Over the last few weeks there was a claim from Russia that a possible alien signal was detected, this was later downplayed as potential terrestial noise. Other articles have appeared to continue the theme surrounding the 'Zoo hypothesis' which contends that humans are kept in the dark by unknown alien parties. To me, this latter position sounds more like Cold War thinking, rather than an advanced civilization.
Personally, I think it is a case that our radio engineering sucks and we're still using formulas from classical physics, rather than quantum mechanics.
Most modern radio communications still rely on theoretical work perform during WWII:
Claude Shannon's development of information theory during World War II provided the next big step in understanding how much information could be reliably communicated through noisy channels. Building on Hartley's foundation, Shannon's noisy channel coding theorem (1948) describes the maximum possible efficiency of error-correcting methods versus levels of noise interference and data corruption. The proof of the theorem shows that a randomly constructed error-correcting code is essentially as good as the best possible code; the theorem is proved through the statistics of such random codes.
Let's examine a quick worked example of capacity on a noisy channel:
Shannon's Theorem gives an upper bound to the capacity of a link, in bits per second (bps), as a function of the available bandwidth and the signal-to-noise ratio of the link.
The Theorem can be stated as:
C = B * log2(1+ S/N)
where C is the achievable channel capacity, B is the bandwidth of the line, S is the average signal power and N is the average noise power.
The signal-to-noise ratio (S/N) is usually expressed in decibels (dB) given by the formula:
10 * log10(S/N) so for example a signal-to-noise ratio of 1000 is commonly expressed as
10 * log10(1000) = 30 dB.
Anyone that has ever done any form of radio engineering or courses on data transmission theory, has had at some point to learn these formulas. The above formula defines the baud rate, or bits per second, that can be achieved. In short, the great the signal-to-noise ratio, the more bandwidth a radio channel can provide. To many, these are seen as hard limits and indeed used daily to plan radio installations all over the world.
This said, most are not aware that thanks to modern quantum mechanics, we can blast past these limits and Shannon's work does not quite apply in certain scenarios. Let's delve into some new physics and explain this.
A very simple relationship is that the lower the energy of a photon, the more of them it takes to generate 1W of power. This is shown in the math below:
E = hc/λ
E = Energy in Joules
h = Planck's constant
c = speed of light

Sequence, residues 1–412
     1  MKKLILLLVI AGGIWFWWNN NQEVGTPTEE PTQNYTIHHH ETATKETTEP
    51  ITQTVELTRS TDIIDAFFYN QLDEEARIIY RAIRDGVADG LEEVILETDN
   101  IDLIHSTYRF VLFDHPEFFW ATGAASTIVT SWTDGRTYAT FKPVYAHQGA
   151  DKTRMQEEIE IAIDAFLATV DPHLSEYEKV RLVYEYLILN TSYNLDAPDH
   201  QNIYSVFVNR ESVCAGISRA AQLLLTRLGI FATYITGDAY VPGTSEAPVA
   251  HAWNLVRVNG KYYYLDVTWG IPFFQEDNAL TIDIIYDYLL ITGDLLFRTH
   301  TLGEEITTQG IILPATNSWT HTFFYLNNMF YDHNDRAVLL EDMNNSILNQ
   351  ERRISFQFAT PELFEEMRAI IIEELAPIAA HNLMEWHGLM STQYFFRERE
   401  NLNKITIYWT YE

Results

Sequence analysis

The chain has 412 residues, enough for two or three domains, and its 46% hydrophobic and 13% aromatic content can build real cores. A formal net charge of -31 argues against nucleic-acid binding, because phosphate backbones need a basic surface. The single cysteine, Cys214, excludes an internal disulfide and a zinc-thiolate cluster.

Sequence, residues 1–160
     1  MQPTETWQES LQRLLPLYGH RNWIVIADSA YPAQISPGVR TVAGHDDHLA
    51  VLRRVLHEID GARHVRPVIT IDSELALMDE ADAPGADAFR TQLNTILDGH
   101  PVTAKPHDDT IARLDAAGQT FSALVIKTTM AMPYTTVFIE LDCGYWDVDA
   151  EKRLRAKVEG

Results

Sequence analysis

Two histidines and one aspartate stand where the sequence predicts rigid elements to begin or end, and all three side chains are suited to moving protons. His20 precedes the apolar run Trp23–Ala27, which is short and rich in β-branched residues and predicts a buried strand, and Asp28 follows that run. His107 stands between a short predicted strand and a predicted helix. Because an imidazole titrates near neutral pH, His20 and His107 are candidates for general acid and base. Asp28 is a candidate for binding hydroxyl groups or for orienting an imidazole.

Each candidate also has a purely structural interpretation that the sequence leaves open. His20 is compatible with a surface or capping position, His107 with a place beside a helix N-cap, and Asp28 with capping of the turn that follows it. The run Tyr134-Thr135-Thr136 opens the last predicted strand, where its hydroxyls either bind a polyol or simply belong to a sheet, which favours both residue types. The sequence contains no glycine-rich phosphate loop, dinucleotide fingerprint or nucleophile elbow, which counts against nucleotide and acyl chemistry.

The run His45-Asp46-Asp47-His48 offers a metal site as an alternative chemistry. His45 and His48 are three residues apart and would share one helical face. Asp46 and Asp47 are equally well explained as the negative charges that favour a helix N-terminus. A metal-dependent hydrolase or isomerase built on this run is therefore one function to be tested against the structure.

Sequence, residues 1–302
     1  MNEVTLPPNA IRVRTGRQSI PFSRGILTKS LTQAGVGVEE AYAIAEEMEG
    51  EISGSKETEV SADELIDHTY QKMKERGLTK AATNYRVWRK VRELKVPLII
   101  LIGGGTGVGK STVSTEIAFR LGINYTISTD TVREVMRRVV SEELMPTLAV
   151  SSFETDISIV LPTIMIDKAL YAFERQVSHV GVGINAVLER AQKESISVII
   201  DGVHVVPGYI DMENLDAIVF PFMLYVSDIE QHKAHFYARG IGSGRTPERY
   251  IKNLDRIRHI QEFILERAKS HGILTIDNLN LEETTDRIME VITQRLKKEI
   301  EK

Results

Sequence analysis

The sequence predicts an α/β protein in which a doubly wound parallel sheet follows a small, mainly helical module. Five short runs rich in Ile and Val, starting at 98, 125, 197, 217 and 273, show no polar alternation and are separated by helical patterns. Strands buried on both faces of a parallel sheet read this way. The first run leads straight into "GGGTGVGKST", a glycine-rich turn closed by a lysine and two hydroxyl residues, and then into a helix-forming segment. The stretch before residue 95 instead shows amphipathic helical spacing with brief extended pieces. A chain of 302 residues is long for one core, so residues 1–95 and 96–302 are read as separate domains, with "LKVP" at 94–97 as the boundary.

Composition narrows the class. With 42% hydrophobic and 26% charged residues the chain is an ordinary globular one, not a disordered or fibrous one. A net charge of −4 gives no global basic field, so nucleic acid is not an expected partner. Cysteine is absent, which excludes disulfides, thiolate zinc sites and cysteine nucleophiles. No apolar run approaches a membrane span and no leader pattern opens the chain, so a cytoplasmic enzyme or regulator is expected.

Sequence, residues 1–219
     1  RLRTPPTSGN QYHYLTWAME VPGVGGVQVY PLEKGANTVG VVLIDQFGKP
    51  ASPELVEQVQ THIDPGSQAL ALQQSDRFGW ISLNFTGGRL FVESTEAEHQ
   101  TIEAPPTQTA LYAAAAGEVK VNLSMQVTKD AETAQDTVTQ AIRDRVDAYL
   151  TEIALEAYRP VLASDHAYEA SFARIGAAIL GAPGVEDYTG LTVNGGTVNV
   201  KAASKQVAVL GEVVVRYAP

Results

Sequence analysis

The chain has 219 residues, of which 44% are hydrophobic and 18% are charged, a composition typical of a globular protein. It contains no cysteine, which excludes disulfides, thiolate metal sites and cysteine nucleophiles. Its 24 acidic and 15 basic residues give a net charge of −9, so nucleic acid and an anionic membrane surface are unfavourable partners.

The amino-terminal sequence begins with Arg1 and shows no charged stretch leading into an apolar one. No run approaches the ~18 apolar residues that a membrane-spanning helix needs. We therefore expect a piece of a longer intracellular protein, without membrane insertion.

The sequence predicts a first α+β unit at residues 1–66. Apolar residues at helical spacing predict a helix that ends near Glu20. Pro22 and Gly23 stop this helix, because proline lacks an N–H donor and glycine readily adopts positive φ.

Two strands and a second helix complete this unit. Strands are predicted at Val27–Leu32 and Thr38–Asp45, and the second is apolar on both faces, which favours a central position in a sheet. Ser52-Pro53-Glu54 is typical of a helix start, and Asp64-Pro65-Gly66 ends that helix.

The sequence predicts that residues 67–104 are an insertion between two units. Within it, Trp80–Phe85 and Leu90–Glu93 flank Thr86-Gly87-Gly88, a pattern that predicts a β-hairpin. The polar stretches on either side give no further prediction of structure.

λ = wavelength
λ 1Hz = 299,790,000m
λ 2Hz = 149,900,000m
λ 10Hz = 29,979,000m
E = ((6.626068 * 10e-34) * (299792458)) / wavelength
E = 1.986445212595144e-25 / wavelength
E 1Hz = 6.6261223276131425331065078888555e-34
E 2Hz = 1.3251802619046991327551701134089e-33
E 10Hz = 6.6261223276131425331065078888555e-33
number of photons per second = 1 Watt (or 1 J/s) / energy of a photon (J)
1Hz = 1.5091782954755973367955496869703e+33
2Hz = 7.54614318328803631827789112635e+32
10Hz = 1.5091782954755973367955496869703e+32
The total theoretical capacity for a binary 1W signal, over 1 second, is:
1Hz = 1.5091782954755973367955496869703e+33 bits
2Hz = 7.54614318328803631827789112635e+32 bits
10Hz = 1.5091782954755973367955496869703e+32 bits
Ignoring all of Shannon's work, what we can see is the exact opposite of what many hold true. Rather than bandwidth increasing as we move up the spectrum, it is actually decreasing. Why is this? Well, this is mainly to do with analogue vs. digital modulation schemes. In analogue we are concerned with waves/waveforms, with digital we are mostly concerned with symbol representation.
If we look carefully, we can see the more photons we have, the more symbols we can represent for a given power level. Obviously two key factors apply here, photon generation and detection above thermal noise.
Ignoring photon generation for a second, we can observe that to detect photons well below the noise floor, all we need to do is entangle them, allowing us to pick them out of the random photons flying about. There are a number of additional measures that are taken care of by protocols, but this, in theory, this can allow for Yottabit transmission rates at 1Hz using 1W of power.
Given this, I feel that a more plausible answer as to why we hear nothing out in space is because they use point-to-point power transmissions, rather than high power omni-directional transmissions, for a wide variety of reasons from health to the massive cost savings on pure raw bandwidth.
Surely it would be dumb to employ any other technology for very long.